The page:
Lots of snow and winter weather offers a fun day sledding down the highest hill or snowball fights in the back yard. However, winter weather can be tough on your home. Excessively cold conditions can encourage the water lines in your home to freeze and burst, which may cause severe water damage and enduring negative effects.

If your pipes are frozen solid, you may want to contact a plumber in to fix them. However, there’s a lot you can do to prevent this from happening – and even just a bit of prevention can go a long way.

What Pipes Are at a Higher Chance of Freezing

The pipes at the greatest risk of freezing are uninsulated water lines. Prevalent locations for exposed pipes are within attic crawlspaces, near exterior walls, in the basement or even running underneath a modular home. Water lines that are not properly insulated are at the highest risk.

How to Prevent Pipes from Freezing Over in Your Home

Properly insulating uncovered water lines is a good first step to keeping your pipes safe. You’ll likely locate lots of these materials from a local plumbing company, and might also already have some someplace in your home.

Try not to wrap up other flammable insulation materials where they can light on fire. If you don’t feel comfortable insulating the pipes on your own, get in touch with your local plumbing services professional in to do the job.

If you do prefer to insulate the pipes yourself, good insulation materials for pipes are:

  • Wraps or roll insulation: Many plumbers, hardware stores and big box retailers sell insulation – usually fiberglass, foam wraps or pipe sleeves – that you can use to wrap or fit around your pipes. They are sold in various lengths and sizes to fit the needs of your home.
  • Newspaper: To some degree, newspaper can be used as insulation. If the weather is getting colder and you aren’t able to add insulation before then, consider covering uninsulated pipes in this.
  • Towels or rags: If you miss the opportunity to add insulation and don’t have any newspaper to use, wrapping notably vulnerable pipes with towels or clean rags as a final effort can be just enough to keep the cold air away from the pipes.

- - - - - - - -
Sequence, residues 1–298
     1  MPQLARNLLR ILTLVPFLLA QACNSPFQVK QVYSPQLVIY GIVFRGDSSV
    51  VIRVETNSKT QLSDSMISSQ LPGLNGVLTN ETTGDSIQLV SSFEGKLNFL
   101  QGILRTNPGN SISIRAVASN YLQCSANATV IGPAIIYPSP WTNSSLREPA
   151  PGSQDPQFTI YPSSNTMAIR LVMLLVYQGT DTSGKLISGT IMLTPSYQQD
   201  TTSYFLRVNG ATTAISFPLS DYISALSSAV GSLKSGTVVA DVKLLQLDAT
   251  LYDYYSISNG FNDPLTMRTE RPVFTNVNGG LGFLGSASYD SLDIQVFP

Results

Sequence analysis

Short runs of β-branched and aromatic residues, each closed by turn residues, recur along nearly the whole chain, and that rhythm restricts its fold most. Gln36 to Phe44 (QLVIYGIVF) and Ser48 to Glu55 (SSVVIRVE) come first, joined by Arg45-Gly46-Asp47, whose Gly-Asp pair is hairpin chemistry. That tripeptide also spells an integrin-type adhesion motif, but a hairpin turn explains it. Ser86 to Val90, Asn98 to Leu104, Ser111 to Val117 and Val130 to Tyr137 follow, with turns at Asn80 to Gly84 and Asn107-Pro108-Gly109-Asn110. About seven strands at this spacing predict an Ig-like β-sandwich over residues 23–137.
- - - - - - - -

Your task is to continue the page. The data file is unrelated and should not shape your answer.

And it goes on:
An additional preventative step you can attempt to prevent pipes from freezing in your home is to fill any cracks that can let cold air in your home. Focus on the window frames, which can allow in surprisingly powerful drafts. Not only will this help to keep your pipes from freezing, but it will have the extra benefit of making your home more energy efficient.

Five More Ways to Keep Your Pipes from Freezing:

  • Open the cabinet doors. Opening the cabinet doors under the sinks and other areas of your home that have pipes will enable more warm air from the rest of the room to flow near the pipes.
  • Letting water drip. Letting water flow by letting your faucets trickle even just a little can help prevent frozen pipes.
  • Open interior doors. By opening doors in rooms or hallways, your home can be heated more evenly. This is particularly important if there's a room that is frequently colder or hotter than the rest of the home.
  • Close the garage door. The exception to the open doors tip is the garage door, which you should keep closed – namely if your water lines run through the garage.
  • Keep the heat consistent. Experts suggest setting the thermostat at a uniform temperature and leaving it there, rather than letting it get lower at night. Set it no colder than 55 degrees.

How to Stop Pipes from Freezing in an Empty Home

When you’re at home, it’s easy to know when something isn't right. But what added steps can you take to stop pipes from freezing in an unused home or vacation home when the damages from a frozen pipe can remain unnoticed for days or even weeks?

As with your primary residence, insulating any exposed water lines, opening interior doors inside the home and winterizing the vacant home are the best steps to take.

Additional Steps to Keep Pipes from Freezing in a Vacant Home:

  1. Leave the heat on. Even though you aren’t going to be there, it’s best to leave the heat on – even if you adjust the thermostat down cooler than you would if you were there. As with a primary residence, experts suggest keeping the temperature at no lower than 55 degrees.
  2. Shut water off and drain the lines. If you’re going to be gone for several weeks or are winterizing a rustic cabin or cottage, turning the water off to the house and clearing the water out of the water lines is an easy way to prevent pipes from freezing and bursting open. Remember to drain the water out of your appliances, including the hot water heater, as well as the toilets. Confirm you get all the water from the pipes. If you're uncertain of how to drain the water from the pipes, or don’t feel comfortable doing it on your own, a plumber in will be glad to offer support.